Two great op-eds in the Washington Post yesterday, on the presumptive Hillary Clinton post-mortem: Misogyny I Won't Miss by Marie Cocco and Belittled Woman by Libby Copeland. Both women make the point that dislike and opposition of Hillary Clinton has been expressed in a multitude of sexist ways, sometimes shockingly so. Is it Hillary? Is it sexism? And why are people so stubbornly resistant to allowing that sexism might have been part of this campaign? (By "people" I mean those who insist that there are plenty of reasons to hate Hillary Clinton that have nothing to do with being a woman, and that there are plenty of reasons she (presumptively) lost the nomination that have nothing to do with that, either. (See a collection of them here.) My response is usually that while there are definitely legitimate reasons to dislike/disagree with Clinton, the expression of that dislike is what has so often taken sexist form). For those of you who still doubt, see what Copeland and Cocco have to say about it.First Copeland:
There is something about that woman -- that woman! -- that refuses to bend, and something about a large portion of this country that despises her for it. The person who once conjured a vast right-wing conspiracy now refuses to exit a race she's almost surely lost, and it Drives. People. Crazy.
"Poor Hillary" is their response, an attempt at death by condescension. "Poor Hillary" means Clinton finally is being brought low (she is forever being brought low, isn't she?), the know-everything who tries so hard but never gets enough votes to be class president.
..."Poor Hillary" speaks volumes about an old truth: Clinton's wounds have always defined her. The haters are always on the lookout for her comeuppance, and the lovers love her more for what she has endured. The women who turn out to see Clinton holler for her to stick it out, tell her they like her grit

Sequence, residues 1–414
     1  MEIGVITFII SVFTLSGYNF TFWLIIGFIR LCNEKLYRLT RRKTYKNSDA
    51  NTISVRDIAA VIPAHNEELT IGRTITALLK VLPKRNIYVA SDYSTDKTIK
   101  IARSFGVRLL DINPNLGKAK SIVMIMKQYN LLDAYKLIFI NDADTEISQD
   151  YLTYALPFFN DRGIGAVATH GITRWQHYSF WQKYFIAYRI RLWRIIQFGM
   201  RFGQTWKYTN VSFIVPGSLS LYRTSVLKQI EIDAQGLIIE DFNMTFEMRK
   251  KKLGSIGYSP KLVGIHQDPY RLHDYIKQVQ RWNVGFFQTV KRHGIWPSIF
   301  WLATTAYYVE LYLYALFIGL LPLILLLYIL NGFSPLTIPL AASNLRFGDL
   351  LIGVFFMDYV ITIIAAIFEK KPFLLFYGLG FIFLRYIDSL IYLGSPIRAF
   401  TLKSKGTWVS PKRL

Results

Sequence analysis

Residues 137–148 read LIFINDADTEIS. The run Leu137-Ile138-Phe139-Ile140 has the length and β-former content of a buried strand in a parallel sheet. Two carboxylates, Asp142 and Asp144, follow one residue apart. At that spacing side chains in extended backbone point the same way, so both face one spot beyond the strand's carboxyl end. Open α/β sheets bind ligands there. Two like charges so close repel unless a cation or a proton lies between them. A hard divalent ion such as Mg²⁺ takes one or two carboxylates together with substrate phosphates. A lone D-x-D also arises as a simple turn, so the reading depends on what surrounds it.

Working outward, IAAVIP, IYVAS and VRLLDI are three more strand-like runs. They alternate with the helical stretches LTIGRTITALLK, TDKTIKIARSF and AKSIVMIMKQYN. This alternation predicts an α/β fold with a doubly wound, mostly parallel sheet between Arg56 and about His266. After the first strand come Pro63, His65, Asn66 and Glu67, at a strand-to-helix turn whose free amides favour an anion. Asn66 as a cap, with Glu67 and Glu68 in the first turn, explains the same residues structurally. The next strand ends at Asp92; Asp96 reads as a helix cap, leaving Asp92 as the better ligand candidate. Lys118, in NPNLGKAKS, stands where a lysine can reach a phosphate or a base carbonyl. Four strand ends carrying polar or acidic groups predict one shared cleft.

Copeland concludes by wondering: "Is it about her womanhood? Or is it about this woman? Is that a false distinction?" Cocco, for her part, thinks it's something that's being wondered far too late in this campaign, and by far too few people.Cocco reels off a list of things she won't miss once Hillary is gone: Hillary nutcrackers (with stainless steel thighs!), "Bros Before Hos" shirts, comparisons to crazy bunny boiling stalkers, anti-Hillary groups with vulgar acronyms, comparisons to first wives and scolding mothers, whores and bitches. Says Cocco:
I won't miss reading another treatise by a man or woman, of the left or right, who says that sexism has had not even a teeny-weeny bit of influence on the course of the Democratic campaign. To hint that sexism might possibly have had a minimal role is to play that risible "gender card."
Most of all, I will not miss the silence.
I will not miss the deafening, depressing silence of Democratic National Committee Chairman Howard Dean or other leading Democrats, who to my knowledge (with the exception of Sen. Barbara Mikulski of Maryland) haven't publicly uttered a word of outrage at the unrelenting, sex-based hate that has been hurled at a former first lady and two-term senator from New York. Among those holding their tongues are hundreds of Democrats for whom Clinton has campaigned and raised millions of dollars. Don Imus endured more public ire from the political class when he insulted the Rutgers University women's basketball team.
Would the silence prevail if Obama's likeness were put on a tap-dancing doll that was sold at airports? Would the media figures who dole out precious face time to these politicians be such pals if they'd compared Obama with a character in a blaxploitation film? And how would crude references to Obama's sex organs play?
There are many reasons Clinton is losing the nomination contest, some having to do with her strategic mistakes, others with the groundswell for "change." But for all Clinton's political blemishes, the darker stain that has been exposed is the hatred of women that is accepted as a part of our culture.
Two smart op-eds from two perceptive women. I hope someone forwards them to Maureen Dowd.
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